◮ Example 3: Let M2,3 be the set of all ×3. So,

M2,3 =

{[

a b c

x y z

]

: a, b, c , x , y , z ∈ R

}

Then, with standard addition and scalar multiplicationM2,3 is a Vector Space.

Satya Mandal, KU Vector Spaces §4.2 Vector Spaces

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Examples from the Textbook

◮ Example 4: Let P2 denote the set of all polynomials ofdegree less or equal to 2. So,

P2 = {a2x2 + a1x + a0 : a2, a1, a0 ∈ R}

Then, with standard addition and scalar multiplication P2is a Vector Space.

◮ Example 5. Let I be an interval and C (I ) deonotes theset of all real-valued continuous functions on I . Then,with standard addition and scalar multiplication C (I ) is aVector Space. For example,

C (−∞,∞),C (0, 1),C [0, 1],C (0, 1],C [1, 0)

are vector spaces.

Satya Mandal, KU Vector Spaces §4.2 Vector Spaces

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Formal Proofs

To give a proof we need to check all the 10 properties in thedefinition. While each step may be easy, students at this levelare not used to writing a formal proof. Here is a proof thatC (0, 1) is a vector space.

◮ So, the vectors are continuous functions f(x) defined onthe interval (0, 1).

◮ For vectors f, g ∈ C (0, 1) addition is defined as follows:

(f + g)(x) = f (x) + g(x)

◮ For f ∈ C (0, 1), c ∈ R scalar multiplication is defined as

(cf)(x) = c(f(x)).

Satya Mandal, KU Vector Spaces §4.2 Vector Spaces

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Formal Proofs: Continued

For this addition and scalar multiplication, we have to checkall 10 properties in the defintion. Suppose f, g,h ∈ C (0, 1)and c , d ∈ R.

◮ (1. Closure under addition): C (0, 1) is closed underaddition. This is because sum f + g of two continuousfunctions f, g is continuous. So, f + g ∈ C (0, 1).

◮ (2. Commutativity): Clearly, f + g = g + f.

◮ (3. Associativity I): Clearly (f + g) + h = f + (g + h)

◮ (4. The Zero): Let f0 denote the constant-zero function.So, f0(x) = 0 So, (f + f0)(x) = f(x) + 0 = f(x).Therefore f0 satiesfy the condition (4).

Satya Mandal, KU Vector Spaces §4.2 Vector Spaces

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Formal Proofs: Continued

◮ (5. Additive inverse): Let −f denote the function(−f)(x) = −f(x). Then (f + (−f)) = 0 = f0.

◮ (6. Closure under scalar multiplication): Clealry, cf iscontinuous and so cf ∈ C (0, 1).

◮ (7. Distributivity I): Clearly, c(f + g) = cf + cg.

◮ (8. Distributivity II): Clearly, (c + d)f = cf + df.

◮ (9. Associativity II): Clearly, c(df) = (cd)f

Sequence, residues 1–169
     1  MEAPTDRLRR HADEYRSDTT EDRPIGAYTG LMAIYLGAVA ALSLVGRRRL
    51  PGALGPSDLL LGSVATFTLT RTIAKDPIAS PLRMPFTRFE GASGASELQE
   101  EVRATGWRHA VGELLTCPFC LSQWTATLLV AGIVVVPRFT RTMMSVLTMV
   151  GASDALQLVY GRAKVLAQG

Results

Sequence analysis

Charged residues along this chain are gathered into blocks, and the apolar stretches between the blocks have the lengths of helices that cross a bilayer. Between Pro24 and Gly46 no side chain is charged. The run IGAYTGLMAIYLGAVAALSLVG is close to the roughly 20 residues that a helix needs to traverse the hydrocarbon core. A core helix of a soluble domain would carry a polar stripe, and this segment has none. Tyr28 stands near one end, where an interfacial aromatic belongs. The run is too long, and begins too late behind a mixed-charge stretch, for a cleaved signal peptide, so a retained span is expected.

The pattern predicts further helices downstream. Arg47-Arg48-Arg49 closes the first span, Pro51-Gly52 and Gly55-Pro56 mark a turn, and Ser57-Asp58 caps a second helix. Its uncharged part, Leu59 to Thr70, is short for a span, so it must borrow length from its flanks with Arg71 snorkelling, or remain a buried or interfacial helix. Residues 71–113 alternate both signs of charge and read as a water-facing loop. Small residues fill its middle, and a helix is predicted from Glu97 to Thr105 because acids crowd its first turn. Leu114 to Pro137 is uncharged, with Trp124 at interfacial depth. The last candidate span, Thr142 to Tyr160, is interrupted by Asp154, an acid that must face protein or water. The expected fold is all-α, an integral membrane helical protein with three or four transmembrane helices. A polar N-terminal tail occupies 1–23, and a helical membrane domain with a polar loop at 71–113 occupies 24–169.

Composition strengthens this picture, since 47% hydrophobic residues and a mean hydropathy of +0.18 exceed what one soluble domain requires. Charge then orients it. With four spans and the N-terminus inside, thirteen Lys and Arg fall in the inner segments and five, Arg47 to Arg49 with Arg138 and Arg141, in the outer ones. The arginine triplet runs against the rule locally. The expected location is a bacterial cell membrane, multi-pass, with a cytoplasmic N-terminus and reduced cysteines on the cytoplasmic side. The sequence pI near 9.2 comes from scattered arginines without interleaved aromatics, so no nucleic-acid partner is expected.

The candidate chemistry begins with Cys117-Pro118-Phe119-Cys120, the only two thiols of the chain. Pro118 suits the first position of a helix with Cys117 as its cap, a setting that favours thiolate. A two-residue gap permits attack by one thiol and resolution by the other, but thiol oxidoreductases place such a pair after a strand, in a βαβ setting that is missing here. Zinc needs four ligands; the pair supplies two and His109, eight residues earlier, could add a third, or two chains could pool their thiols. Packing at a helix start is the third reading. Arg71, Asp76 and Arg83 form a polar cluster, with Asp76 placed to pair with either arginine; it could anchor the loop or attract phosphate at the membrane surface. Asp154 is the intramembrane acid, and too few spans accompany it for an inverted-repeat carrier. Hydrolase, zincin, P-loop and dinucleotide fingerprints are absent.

◮ (10. Multiplicative Identity):Clearly 1f = f.

All 10 properties are varified. So, C (0, 1) is continuous.

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A List of Important Vector Spaces

Here is a list of important vector spaces:◮ R the set of all real numbers◮ R

2 the set of all ordered pairs of real numbers. Thiscorresponds to the plane.

◮ R3 the set of all ordered triples of real numbers.This

corresponds to the three dimensional space.◮ R

n the set of all ordered n−tuples of real numbers.◮ C (−∞,∞),C (a, b),C [a, b],C (a, b],C [a, b) the set of

real valued continuous functions.◮ P the set of all polynomials, with real coefficients◮ Pn the set of all polynomials, with real coefficients, of

degree less or equal to n.◮ Mm,n the set of all matrices of size m× n with real entries.

Satya Mandal, KU Vector Spaces §4.2 Vector Spaces

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Theorem A: Uniqueness of zero and v

Theorem A. Suppose V is a vector space. Then,◮ There is exactly one vector satisfying the property of zero

(Condition 4.) We say the additive identity 0 is unique.◮ Given a vector u there is exactly on vector −u satisfying

condition 5. We say v has a unique additive inverse.

Proof. Suppose ϕ also satisfy condition 4. So, for any vectoru ∈ V we have

u+ 0 = u and u+ ϕ = u

Apply these two equations to 0, ϕ. We have

ϕ = ϕ+ 0 = 0+ ϕ = ϕ.

So, the first statement is establisehd.Satya Mandal, KU Vector Spaces §4.2 Vector Spaces

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Proof: Continued:

Write v = −u. (−u is not a good noatation). To prove thesecond statement, assume, other then v, there is anothervector θ that satisfy condition 5. So.

u+ v = 0 and u+ θ = 0

We will prove that v = θ. Add θ to the first equation:

(u+ v) + θ = 0+ θ Or (u+ θ) + (v) = θ

Or0+ (v) = θ Or v = θ

The second statement is established.Satya Mandal, KU Vector Spaces §4.2 Vector Spaces